1. Love of Earth (the material). The desire to live in an earthen building, maybe rounded, well-designed for its environment and inhabitants, that ages well, which tugs at some ancient and primordial urge, and just simply feels “right”.
2. Dislike of Conventional Materials. Violently extracted, mass produced with little care for environment, workers, etc, and controlled by global corporations, toxic…there’s a lot to dislike if we let ourselves go there.
3. Knowledge. Getting hands-on technical experience for each part of a wall, cabin, or oven.
4. Time with the Materials. Building with earth is way different from what we’re used to and “time on the wall” is essential.
5. Empowerment. Developing the confidence that one can build their own home or shelter. Often, this is a result that people don’t expect at the outset but recognize it at the end because it is such a powerful feeling they’re left with.
6. Community. Finding like-minded folks and being able to tap into an established network of builders is huge for some people. We also offer “lifetime tech support” to all our workshop participants to help them be successful with their projects.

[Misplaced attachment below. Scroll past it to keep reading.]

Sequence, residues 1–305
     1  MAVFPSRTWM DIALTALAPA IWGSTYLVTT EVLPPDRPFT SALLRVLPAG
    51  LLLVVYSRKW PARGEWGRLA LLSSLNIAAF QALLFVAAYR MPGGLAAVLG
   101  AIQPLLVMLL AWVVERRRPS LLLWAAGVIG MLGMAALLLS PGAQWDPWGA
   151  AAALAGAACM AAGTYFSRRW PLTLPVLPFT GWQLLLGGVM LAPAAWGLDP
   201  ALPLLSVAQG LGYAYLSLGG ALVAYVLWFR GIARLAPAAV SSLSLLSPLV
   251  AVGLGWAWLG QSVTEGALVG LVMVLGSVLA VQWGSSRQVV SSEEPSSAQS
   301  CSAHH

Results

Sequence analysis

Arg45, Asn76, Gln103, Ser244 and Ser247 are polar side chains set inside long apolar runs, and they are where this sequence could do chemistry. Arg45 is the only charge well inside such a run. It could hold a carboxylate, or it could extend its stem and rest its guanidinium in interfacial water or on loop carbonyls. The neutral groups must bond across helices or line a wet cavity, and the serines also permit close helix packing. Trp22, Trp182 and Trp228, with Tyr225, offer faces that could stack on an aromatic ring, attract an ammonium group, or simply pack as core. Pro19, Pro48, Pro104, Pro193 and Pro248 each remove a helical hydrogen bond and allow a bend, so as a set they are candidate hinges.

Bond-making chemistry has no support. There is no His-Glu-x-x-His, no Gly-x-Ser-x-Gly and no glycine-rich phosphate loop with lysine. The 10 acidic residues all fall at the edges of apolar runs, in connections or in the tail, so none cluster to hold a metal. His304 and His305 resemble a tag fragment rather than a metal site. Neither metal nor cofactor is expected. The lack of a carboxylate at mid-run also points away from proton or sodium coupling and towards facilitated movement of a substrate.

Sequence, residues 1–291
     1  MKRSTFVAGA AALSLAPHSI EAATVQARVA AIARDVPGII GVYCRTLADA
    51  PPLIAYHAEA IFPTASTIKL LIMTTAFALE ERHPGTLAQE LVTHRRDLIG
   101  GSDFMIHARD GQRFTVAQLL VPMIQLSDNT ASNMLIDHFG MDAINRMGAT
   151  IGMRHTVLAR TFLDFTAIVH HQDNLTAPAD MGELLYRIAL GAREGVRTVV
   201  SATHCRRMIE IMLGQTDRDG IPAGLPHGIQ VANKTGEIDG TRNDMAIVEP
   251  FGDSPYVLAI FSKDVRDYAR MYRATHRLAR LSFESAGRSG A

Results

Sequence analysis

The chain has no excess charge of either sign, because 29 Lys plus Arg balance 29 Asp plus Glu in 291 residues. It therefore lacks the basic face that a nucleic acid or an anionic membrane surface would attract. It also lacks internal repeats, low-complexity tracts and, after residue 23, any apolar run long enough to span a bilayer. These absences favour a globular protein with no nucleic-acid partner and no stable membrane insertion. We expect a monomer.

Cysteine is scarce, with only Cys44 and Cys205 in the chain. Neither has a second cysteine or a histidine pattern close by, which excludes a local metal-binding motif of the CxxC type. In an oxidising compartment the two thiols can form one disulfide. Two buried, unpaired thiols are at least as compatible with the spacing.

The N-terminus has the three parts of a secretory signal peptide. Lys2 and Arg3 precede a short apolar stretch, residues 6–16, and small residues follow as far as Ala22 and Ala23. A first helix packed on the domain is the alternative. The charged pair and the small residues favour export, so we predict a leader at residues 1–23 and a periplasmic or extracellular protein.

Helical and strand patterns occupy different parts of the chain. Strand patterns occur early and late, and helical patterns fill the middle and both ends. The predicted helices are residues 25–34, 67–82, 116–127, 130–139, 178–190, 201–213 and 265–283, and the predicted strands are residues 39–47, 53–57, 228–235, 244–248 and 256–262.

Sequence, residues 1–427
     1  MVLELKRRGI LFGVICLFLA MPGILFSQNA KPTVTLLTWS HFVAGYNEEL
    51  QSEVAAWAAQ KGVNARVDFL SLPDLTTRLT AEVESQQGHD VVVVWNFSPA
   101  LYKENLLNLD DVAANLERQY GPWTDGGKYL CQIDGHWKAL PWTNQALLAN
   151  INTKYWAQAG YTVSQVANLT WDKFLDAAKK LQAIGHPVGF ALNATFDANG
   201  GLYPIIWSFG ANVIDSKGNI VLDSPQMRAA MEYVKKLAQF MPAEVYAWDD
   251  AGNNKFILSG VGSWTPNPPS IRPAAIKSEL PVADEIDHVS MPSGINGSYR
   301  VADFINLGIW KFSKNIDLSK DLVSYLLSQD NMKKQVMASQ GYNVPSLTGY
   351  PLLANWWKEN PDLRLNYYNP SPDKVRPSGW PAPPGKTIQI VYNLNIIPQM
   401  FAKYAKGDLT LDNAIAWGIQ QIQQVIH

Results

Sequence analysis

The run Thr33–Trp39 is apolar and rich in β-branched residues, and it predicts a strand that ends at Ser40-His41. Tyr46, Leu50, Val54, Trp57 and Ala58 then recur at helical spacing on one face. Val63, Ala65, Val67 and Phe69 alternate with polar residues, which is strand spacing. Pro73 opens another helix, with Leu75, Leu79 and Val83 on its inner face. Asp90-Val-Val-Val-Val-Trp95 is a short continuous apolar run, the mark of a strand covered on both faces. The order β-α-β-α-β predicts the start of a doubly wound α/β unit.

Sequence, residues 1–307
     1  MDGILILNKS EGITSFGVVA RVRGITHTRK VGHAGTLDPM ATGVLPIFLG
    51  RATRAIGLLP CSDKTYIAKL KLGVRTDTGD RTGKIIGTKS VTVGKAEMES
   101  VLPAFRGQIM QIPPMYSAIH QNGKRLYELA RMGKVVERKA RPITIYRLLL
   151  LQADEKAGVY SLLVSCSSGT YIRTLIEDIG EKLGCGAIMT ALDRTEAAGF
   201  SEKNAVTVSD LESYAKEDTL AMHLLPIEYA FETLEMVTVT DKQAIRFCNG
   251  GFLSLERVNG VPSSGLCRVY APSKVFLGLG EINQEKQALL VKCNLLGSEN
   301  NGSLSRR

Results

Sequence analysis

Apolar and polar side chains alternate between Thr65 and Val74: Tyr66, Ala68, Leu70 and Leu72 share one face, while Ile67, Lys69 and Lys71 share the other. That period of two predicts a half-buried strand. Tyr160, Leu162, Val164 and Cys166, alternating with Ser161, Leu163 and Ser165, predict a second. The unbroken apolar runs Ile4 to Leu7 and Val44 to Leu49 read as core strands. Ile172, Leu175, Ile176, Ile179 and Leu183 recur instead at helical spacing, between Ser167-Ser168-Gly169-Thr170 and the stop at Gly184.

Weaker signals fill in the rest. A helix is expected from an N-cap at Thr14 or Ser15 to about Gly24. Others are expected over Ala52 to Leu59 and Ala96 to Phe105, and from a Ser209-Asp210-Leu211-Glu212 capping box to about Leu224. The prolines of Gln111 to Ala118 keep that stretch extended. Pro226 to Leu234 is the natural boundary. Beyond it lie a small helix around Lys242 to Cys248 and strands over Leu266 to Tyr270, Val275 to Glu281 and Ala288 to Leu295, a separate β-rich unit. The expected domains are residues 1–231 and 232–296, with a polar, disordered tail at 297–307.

7. Fun. It is building with mud, after all, and using one’s hands and feet and simple tools with these materials in a workshop setting is a joy.
8. Lifestyle Change. Each workshop has at least a couple people seeking simpler or more connected living solutions, or escaping from our dominant and destructive paradigm, or divorce, or mid-life opportunities.
What Makes a Successful Workshop?
Putting on a successful workshop takes a lot of work and attention to detail. There are a lot of moving parts that must come together to make the experience as valuable, helpful, and memorable as possible for the participants. Here are questions to ask:
• Are the materials staged properly?
• Is the curriculum dialed-in and the content accessible?
• Is the cook up to the task?
• Is the food delicious, nourishing, and plentiful?
• Is there a balance between physical and mental work?
• Are needs for hygiene, shelter, and basic comforts being met?
• Can adjustments be made due to weather or circumstance?
• Is the know-it-all guy who talks too much being reined in without being put down?
• Do the quiet types have space for their voices?
• How are different skill sets and experience being utilized?
• Is there room for spontaneity, fun, extracurricular activities?